Quick Hits: mayor judges prelate, the real Archbishop Cupich, confusion in Brazil

By Phil Lawler (bio - articles - email) | Jul 08, 2016

  • Philadelphia’s Mayor Jim Kenney, who identifies himself as a Catholic, has scolded Archbishop Charles Chaput for confirming the Church’s age-old teaching that Catholics who divorce and remarry cannot receive the Eucharist unless they agree to abstain from sexual intercourse. Prodded by a reporter to comment on the archbishop’s policy, Mayor Kenney tweeted : “Chaput’s actions are not Christian.” Here we have an interesting reversal of roles, which would be comical if it were not taken seriously by some many observers. Archbishop Chaput has the authority to decide who is, and who is not, in good standing as a Catholic in Philadelphia. The mayor has no such authority—and as a Catholic, he should accept the authority of his archbishop. But instead the mayor sets himself up as a competing authority on how Christians should act, and the media treat his pronouncements seriously—in fact, sympathetically. Can you imagine the uproar that would occur if Archbishop Chaput issued a public statement accusing Kenney of un-Christian behavior? This story will play itself out soon, but there is a serious question lurking behind it. Are the mass media prepared to accept the right of political figures to rebuke religious leaders? Watch the dust-up in Philadelphia in the context of a nationwide battle over religious freedom, and notice how that much-touted “wall of separation” seems always to protect the state from (unlikely) interference by the Church, and never the Church from (far more threatening) interference by the state.

  • The news that Pope Francis has appointed Archbishop Blase Cupich to the Congregation for Bishops confirms the impression that the Chicago prelate stands at-- or at lest near-- the top of the list of the Pontiff's favorite American prelates. But is he the sort of "shepherd with the smell of his sheep" that the Pope has described as his ideal? Writing in Catholic World Report, Carl Olson has some potentially surprising news for you. Archbishop Cupich was not terribly accessible, even to his pastors, during his previous assignment in Spokane. “Those familiar with Cupich’s schedule and activities say that he was often out of the diocese for long periods of time,” Olson reports. Couldn’t he be described, then, the sort of “airport bishop” the Pope has criticized? And while he is characterized now as a peacemaker, his most remarkable move during his tenure in Spokane was the filing of a scorched-earth lawsuit against the legal firm that had handled the diocesan bankruptcy case. That suit was settled—on terms favorable to the law firm—shortly before the newly appointed archbishop arrived in Chicago. The Cupich case highlights the disparity between what Pope Francis says he wants to see in bishops and the sort of bishops he chooses and promotes. That’s an unsettling reality, in light of the fact that Archbishop Cupich will now have considerable influence over the appointment of new bishops in the US.

  • The Brazilian bishops’ conference has issued a thoroughly confusing statement of “heartfelt gratitude” toward Archbishop Aldo di Cillo Pagotto, who has stepped down from his post at the Paraíba archdiocese amid serious allegations that he was guilty of both molesting young men and “connivance” in abuse by others. If he is innocent of these charges, he should not have been removed; if he is guilty, he should not be praised; if the facts are uncertain, the episcopal conference should remain silent until the investigation is complete. We should pray for Archbishop Pagotto, certainly. But under the circumstances, the bishops’ public prayer to “make fruitful the good seeds sown by him” is jarring.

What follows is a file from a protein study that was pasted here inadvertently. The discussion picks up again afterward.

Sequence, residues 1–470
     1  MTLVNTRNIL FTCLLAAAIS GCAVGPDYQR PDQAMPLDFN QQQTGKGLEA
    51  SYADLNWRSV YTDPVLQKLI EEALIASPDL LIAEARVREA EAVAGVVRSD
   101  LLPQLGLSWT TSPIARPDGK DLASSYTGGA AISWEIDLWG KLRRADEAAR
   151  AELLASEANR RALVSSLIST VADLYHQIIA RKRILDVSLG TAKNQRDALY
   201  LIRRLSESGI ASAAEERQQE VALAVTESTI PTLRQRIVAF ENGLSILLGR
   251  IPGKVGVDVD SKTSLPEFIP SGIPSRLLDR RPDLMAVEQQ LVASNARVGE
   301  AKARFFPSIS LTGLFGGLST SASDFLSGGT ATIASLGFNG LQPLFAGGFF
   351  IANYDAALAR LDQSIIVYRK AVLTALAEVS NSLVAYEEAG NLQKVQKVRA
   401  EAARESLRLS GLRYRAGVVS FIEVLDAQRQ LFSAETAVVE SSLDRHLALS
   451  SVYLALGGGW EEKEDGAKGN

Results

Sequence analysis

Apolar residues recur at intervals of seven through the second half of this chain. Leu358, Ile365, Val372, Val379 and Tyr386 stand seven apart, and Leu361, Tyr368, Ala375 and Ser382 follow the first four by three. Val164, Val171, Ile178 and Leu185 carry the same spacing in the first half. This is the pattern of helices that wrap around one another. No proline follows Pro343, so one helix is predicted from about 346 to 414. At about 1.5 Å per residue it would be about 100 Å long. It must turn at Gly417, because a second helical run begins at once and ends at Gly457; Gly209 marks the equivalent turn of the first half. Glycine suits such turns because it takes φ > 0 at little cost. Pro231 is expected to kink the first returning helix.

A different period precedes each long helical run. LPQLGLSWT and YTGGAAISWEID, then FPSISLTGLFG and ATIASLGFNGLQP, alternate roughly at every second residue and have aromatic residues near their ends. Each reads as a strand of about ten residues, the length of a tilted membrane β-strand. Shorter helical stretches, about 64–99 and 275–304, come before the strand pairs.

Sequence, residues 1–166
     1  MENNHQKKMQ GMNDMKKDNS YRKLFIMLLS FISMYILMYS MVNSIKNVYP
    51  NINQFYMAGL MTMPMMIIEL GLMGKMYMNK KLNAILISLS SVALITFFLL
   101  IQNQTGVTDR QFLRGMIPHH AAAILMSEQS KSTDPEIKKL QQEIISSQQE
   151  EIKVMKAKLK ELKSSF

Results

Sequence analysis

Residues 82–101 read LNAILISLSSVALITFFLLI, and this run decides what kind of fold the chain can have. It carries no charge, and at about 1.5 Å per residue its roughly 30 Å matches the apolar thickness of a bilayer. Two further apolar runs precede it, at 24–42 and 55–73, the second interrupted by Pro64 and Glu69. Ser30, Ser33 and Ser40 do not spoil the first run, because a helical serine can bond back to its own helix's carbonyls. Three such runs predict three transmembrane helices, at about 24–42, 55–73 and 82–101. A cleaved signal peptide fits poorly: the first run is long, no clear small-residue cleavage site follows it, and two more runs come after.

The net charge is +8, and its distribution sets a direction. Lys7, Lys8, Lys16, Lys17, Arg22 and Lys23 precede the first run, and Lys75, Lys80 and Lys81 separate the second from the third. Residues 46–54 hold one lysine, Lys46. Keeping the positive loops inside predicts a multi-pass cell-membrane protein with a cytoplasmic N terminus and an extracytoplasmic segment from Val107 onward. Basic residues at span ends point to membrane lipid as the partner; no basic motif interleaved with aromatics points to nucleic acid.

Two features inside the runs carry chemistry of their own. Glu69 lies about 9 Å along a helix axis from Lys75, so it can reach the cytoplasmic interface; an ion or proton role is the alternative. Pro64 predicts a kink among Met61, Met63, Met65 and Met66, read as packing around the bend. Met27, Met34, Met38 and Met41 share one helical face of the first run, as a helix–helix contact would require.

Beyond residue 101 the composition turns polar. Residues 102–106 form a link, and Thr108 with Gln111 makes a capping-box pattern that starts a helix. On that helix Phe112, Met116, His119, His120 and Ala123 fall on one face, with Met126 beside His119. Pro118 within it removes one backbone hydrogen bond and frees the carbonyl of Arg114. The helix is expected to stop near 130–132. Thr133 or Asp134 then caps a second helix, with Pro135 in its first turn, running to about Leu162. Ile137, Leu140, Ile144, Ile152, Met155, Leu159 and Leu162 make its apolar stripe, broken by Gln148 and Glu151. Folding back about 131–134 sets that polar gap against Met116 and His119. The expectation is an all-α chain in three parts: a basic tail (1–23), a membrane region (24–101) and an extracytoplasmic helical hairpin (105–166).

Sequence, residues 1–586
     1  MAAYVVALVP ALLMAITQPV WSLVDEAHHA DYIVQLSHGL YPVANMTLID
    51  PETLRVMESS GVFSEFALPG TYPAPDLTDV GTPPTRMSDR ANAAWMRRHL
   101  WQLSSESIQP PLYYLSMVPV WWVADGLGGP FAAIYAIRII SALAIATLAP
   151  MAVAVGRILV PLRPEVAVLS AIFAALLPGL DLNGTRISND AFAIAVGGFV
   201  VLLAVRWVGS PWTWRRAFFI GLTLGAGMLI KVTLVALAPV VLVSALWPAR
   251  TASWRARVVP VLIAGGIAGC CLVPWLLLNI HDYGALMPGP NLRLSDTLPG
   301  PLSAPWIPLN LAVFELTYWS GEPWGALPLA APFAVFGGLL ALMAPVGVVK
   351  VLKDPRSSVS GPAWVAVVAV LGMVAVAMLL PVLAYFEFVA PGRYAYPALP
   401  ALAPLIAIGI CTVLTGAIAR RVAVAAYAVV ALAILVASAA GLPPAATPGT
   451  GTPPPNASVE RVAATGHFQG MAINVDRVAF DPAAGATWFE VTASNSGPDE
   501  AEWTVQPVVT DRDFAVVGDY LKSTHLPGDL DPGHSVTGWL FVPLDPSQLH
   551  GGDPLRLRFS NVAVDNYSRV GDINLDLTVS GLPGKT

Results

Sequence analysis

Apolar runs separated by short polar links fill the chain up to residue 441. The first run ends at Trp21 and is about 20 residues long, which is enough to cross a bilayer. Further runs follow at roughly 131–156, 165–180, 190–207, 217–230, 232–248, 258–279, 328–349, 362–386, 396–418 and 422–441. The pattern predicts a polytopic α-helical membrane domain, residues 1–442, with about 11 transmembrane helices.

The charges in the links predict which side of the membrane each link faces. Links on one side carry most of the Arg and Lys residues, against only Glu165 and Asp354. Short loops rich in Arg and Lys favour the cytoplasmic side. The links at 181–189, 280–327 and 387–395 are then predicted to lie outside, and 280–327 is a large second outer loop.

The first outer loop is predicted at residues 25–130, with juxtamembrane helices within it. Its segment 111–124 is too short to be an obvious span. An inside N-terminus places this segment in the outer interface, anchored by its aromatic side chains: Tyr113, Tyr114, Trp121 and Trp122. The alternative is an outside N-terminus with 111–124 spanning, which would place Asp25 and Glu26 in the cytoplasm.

Phil Lawler has been a Catholic journalist for more than 30 years. He has edited several Catholic magazines and written eight books. Founder of Catholic World News, he is the news director and lead analyst at CatholicCulture.org. See full bio.

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  • Posted by: AgnesDay - Jul. 11, 2016 4:43 PM ET USA

    There was a day when someone asked me if I were Catholic, that shame would force me to say, "Yes. But a bad one." Mayor Kenney, take heed. God cares not a whit for your mayoral opinions of His Law.

  • Posted by: feedback - Jul. 09, 2016 11:34 AM ET USA

    The quick rise of Cupich from obscurity to prominence is a mystery. It seems that nobody in the Vatican bothers to consult with the priests and pastors who are directly exposed to his peculiar style of governance. In Chicago, Cupich is known as being generally inaccessible to his clergy.

  • Posted by: Randal Mandock - Jul. 09, 2016 10:05 AM ET USA

    "...who identifies himself as a Catholic." Well said, Phil. Against all reason the millions who vote for those intent on destroying the Church hold themselves up as their own gods. "Better to reign in hell than serve in heaven." The repercussions of "Who am I to judge?" will continue to echo through the political corridors that rule those who identify themselves as Catholic, but who do not live, speak, or listen as Catholic. Catholicism is a disciplined way of life as much as a service to God.

  • Posted by: shrink - Jul. 09, 2016 9:15 AM ET USA

    Hearing a farewell instead of an apology betrays a deep shamelessness in the speaker, and those who lack shame have come to terms with evil. Recall Cdl Levada's att-a-boy send-off of Santa Rosa Bp Ziemann. Z was sent away in 1999 for sexual extortion. Levada joined “friends throughout California and beyond in thanking him (Z) for the energy and gifts he has shared far and wide. Our prayers and good wishes go with him.” Good wishes, indeed, since reports emerged that Levada gave Z legal cover.